• I didn’t realize that his book was included in the AppSumo bundle I purchased at SXSW (cool). AppSumo apparently mistakenly advertised it as including the digital edition.
    • Eric’s email a few days ago was clarifying the mixup and just getting mailing addresses from the people that purchased the AppSumo bundle. I interpreted it as him just changing his mind and choosing not to make a digital edition that had been offered via his site and that I had purchased.

    So basically I’m an ass for making that post earlier and jumping to assumptions before doing proper fact checking. Now that I understand the situation I feel bad and sincerely apologize. Eric, I’m sorry. Looking forward to reading your book. It’s an important work.

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    Aug 19

    Apologies for the rant in advance but this is a bigger topic than the title implies.

    I had pre-ordered Eric’s book many months back because I’m interested in the lessons but also largely out of sheer support for CustDev/Lean startup movements. These are important concepts. The mysterious art of entrepreneurship is finally getting codified into a repeatable framework. IMO this is one of the more promising developments in terms of advancements that has the most potential to restore our economy from the shitter.

    So I was surprised this email from Eric this morning:

    Now arguably this is a trivial thing. Being nomadic & virtual I’m trying to slim down and have less physical stuff so I’d prefer the digital version I ordered, but barring the existence of that, I’ll take the hardcover. The stance taken here though seems pretty absurd. If somebody pre-orders a hotdog from you and you decide not to make it for some reason, you can’t simply insist that they accept a burger. What’s worse, it’s not even like he ran out of hotdogs, he just seemingly decided not to make them.

    Again, in the grand scheme, not a big deal and I’m far more interested in the content so we can apply the relevant lessons to our . But what’s troubling is I’ve noticed a theme developing (Eric sorry to call you out personally as the example here) where founders are so immersed in conversion funnels and A/B testing and cohort analysis that they forget the basics of running a hotdog stand. This is the guy who (2nd to Steve Blank IMO) is in a position to massively influence the next generation of entrepreneurs and he has this approach to something as fundamental as basic customer service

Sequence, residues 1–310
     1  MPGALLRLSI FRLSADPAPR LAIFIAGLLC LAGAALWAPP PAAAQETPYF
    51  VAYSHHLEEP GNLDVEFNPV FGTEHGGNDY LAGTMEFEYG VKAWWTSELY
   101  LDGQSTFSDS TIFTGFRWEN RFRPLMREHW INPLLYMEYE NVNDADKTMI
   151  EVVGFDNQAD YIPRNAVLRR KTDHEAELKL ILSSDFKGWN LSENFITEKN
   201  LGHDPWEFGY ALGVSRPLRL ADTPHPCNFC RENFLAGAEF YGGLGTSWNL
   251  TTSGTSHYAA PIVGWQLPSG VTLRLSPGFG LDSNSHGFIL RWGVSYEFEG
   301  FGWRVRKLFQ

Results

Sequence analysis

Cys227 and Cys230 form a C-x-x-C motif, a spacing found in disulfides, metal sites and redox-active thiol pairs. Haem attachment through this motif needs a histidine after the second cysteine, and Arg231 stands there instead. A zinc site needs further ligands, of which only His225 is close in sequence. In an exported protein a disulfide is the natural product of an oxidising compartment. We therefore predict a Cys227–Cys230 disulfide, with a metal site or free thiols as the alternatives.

Here’s a novel idea Eric: explain the situation and why you’ve chosen not to make the digital edition and realize that 98% of people will be fine with the hardcover. But give folks a choice for a refund if you can’t deliver the product they purchased. To insist that they accept a substitute with a 2wk ultimatum that they’ll otherwise forfeit their money – not how you do it dude.

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    Jun 23

    A couple people have recommended I read the book The Black Swan recently. I’m only 40pgs in and already I have a serious issue with it. The picture below is a good summary of my gripe:

    It’s essentially like that highway roadsign that warns you of falling rock – it’s useless advice. Since when has that sign ever altered your driving behavior? In fact it’s worse than useless, it’s presence is detrimental because it generates unnecessary worry and distraction without giving you any actionable info to be able to do something about it. It merely broadcasts, ”
    Yeah, so rocks might fall on you. Sucks.

    Similarly The Black Swan appears to offer this as its core message:

    Despite our best efforts to make sense of situations throughout history, inevitably a massive, random event at some point manifests and its unpredictable effects trump everything we knew previously.

    Basically “rocks might someday fall on you. sucks” – a completely worthless and defeatist message. And yet somehow this book has won a bunch of praise as being insightful. I’m not sure if the author is advocating that we stop applying science to attempt to understand current situations but that is a message that one could infer.

    I’ve admittedly only read a sliver of this book thus far so maybe the author eventually gets around to offering some type of prescriptive advice. But at this point it appears to be a pop psychology wankfest (and a verbose one at that). At least books like “Tipping Point” and “Blink” had concise writing and referenced interesting psychology experiments to yield conversation fodder. This one appears to be entirely devoid of both. Somebody who’s read it and found it valuable – what did you take from it that was useful and how has it changed your behavior and how you think?